Reboot a good start, with bears!
Dynamite Entertainmentâ€™s latest foray into the futuristic sci-fi genre dishes up a slice of the past, mixed with an ample side today, covered in a bunch of â€œwell you got me thereâ€.Â Â Â With the title characterâ€™s final adventure done and over (see Buck Rogers #0), readers finally get a chance to see where it all began in this reboot of the Buck Rogers franchise.
The first issue starts off normal enough; Buck Rogers is a test pilot and scientist working on a new gravity drive that should propel man beyond the stars and faster than light.Â When the military gets a whiff of whatâ€™s going on, they try to co-opt the project, causing Buck to turn on the after burners and get the heck out of Dodge.Â Strangely, when he falls back to Earth in a stunning crash, readers get to meet Colonel Deering for the first time all over again.Â Itâ€™s an interesting meet up as Deering needs to get Buck and his gear out of what appears to be a game preserve.
But this isnâ€™t a game preserve that Iâ€™ve ever seen, as just when it looks like the duo are about to get to safety, they come face to face with a bear.Â Not just any bear, a grizzly bear…with a gun… and an electronic eye… and it can talk.Â I kid you not; Scott Beatty has written a story that features a giant bear zapping Wilma and Buck into some game zone, presumably to become the hunted, in this bizzarre world.
Up until that part, Beatty had me, but the bear pushed it a tad far over the top.Â The character development of Buck is appropriate for the hot shot jock pilot, and each line uttered by the title character sounds like it belongs.Â I also enjoy the flashback sequences that give readers a chance to find out what may have lead Buck to his current predicament, and presumably weâ€™ll discover more about Buckâ€™s past as he continues to have adventures in the future.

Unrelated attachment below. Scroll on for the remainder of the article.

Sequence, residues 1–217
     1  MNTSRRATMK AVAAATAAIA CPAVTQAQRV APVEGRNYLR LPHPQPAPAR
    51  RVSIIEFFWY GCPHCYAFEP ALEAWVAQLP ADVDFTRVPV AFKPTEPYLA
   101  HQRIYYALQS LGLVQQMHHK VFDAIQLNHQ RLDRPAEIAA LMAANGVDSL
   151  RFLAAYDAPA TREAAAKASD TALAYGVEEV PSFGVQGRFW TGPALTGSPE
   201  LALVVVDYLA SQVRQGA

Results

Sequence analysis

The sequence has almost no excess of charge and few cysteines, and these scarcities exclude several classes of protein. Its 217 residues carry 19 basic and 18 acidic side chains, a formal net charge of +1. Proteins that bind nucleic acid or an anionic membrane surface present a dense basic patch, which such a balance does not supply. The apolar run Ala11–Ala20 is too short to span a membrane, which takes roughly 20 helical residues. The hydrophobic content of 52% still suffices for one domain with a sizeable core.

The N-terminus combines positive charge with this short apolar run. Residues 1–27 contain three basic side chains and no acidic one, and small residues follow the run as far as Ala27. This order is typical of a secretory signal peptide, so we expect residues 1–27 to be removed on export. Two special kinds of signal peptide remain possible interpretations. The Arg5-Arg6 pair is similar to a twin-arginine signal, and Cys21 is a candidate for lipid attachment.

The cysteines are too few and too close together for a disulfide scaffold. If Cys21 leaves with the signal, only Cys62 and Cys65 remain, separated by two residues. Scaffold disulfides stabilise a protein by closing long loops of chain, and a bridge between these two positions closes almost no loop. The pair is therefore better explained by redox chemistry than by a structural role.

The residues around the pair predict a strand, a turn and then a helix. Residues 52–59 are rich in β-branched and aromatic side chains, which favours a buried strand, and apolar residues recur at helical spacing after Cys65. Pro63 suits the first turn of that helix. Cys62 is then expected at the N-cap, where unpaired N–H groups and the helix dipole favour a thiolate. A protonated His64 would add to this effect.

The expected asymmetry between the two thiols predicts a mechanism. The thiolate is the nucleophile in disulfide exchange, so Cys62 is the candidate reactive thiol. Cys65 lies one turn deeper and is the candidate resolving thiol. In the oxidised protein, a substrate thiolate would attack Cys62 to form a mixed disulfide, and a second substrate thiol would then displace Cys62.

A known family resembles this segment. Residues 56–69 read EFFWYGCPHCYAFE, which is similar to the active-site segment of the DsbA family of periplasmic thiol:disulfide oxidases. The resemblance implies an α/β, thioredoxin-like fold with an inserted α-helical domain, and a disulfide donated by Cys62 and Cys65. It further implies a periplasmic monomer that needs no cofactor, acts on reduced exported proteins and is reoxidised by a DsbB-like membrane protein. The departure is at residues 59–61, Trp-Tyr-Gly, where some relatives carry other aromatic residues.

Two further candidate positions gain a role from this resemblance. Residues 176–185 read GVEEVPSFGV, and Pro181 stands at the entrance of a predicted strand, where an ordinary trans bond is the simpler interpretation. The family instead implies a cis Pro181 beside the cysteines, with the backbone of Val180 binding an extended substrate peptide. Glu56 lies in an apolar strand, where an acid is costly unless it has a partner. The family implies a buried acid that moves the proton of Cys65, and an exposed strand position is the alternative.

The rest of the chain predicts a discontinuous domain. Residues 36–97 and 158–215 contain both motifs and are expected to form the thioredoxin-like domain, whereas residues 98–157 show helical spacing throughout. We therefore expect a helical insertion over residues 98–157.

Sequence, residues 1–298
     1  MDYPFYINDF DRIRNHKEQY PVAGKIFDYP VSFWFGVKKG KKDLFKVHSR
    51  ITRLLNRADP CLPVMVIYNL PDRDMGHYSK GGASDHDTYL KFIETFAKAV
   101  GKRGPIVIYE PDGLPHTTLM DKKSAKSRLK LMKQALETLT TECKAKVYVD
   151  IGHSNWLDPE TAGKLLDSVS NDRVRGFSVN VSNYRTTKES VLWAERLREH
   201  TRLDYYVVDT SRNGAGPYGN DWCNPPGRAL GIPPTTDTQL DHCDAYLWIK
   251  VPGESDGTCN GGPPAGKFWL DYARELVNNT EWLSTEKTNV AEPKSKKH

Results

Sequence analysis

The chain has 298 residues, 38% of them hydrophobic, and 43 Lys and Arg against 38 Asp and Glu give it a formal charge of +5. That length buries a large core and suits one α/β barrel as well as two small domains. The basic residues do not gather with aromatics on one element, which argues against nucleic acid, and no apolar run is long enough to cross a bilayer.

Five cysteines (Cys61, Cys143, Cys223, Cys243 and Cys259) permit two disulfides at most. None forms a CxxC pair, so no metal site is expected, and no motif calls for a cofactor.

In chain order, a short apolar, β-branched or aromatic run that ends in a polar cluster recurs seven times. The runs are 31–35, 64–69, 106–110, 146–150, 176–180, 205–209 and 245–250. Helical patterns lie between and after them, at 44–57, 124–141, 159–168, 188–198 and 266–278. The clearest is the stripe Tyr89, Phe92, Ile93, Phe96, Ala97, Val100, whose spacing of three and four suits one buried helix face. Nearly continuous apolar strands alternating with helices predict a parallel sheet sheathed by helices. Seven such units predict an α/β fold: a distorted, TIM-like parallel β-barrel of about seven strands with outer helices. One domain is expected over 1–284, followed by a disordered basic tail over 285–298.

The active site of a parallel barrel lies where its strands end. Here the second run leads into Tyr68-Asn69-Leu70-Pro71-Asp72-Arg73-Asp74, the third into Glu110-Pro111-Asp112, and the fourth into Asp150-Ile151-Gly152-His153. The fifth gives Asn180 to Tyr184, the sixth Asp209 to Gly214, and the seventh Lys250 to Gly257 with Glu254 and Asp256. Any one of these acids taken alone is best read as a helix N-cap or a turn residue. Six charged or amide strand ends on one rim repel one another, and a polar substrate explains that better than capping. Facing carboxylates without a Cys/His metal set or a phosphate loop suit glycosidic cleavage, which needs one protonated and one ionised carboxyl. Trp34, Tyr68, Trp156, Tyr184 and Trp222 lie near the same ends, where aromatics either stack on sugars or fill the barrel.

I canâ€™t say Iâ€™m a huge fan of the direction of the future suits Deering and others will sport throughout the series, but I guess it makes a lot more sense to have a totally black suit with glowing stripes than a red and green bullet suit first introduced so many years ago.Â Because of the near solid black design, it makes art duties for Carlos Rafael that much easier, which should give him time to devote to faces and the rest of the 25th century.Â Black future suits aside, I really thought Rafael did a great job on the art side of things, as heâ€™s able to pack a lot of information into each panel.
Still, thereâ€™s that bear.
I guess it isnâ€™t as bad as it could be, weâ€™ve all seen worse in the form of the alien-of-the-week, and keeping things Earth-based for now, should give Beatty a chance to explore the future in a direction few have peeked at before.
By issueâ€™s end, I didnâ€™t feel as excited as I did when I first began reading the issue, or when I had the chance to read the preview issue, featuring the death of Buck Rogers.Â It isnâ€™t all bad, and Iâ€™m willing to give this title a few more issues before I decide if it goes on my permanent pull pile or if it is off to the quarter bin.Â Buck Rogers #1 offers some surprising moments, really nice art, a brisk story, and a bear with a zap gun, earning it 3.5 out of 5 Stars.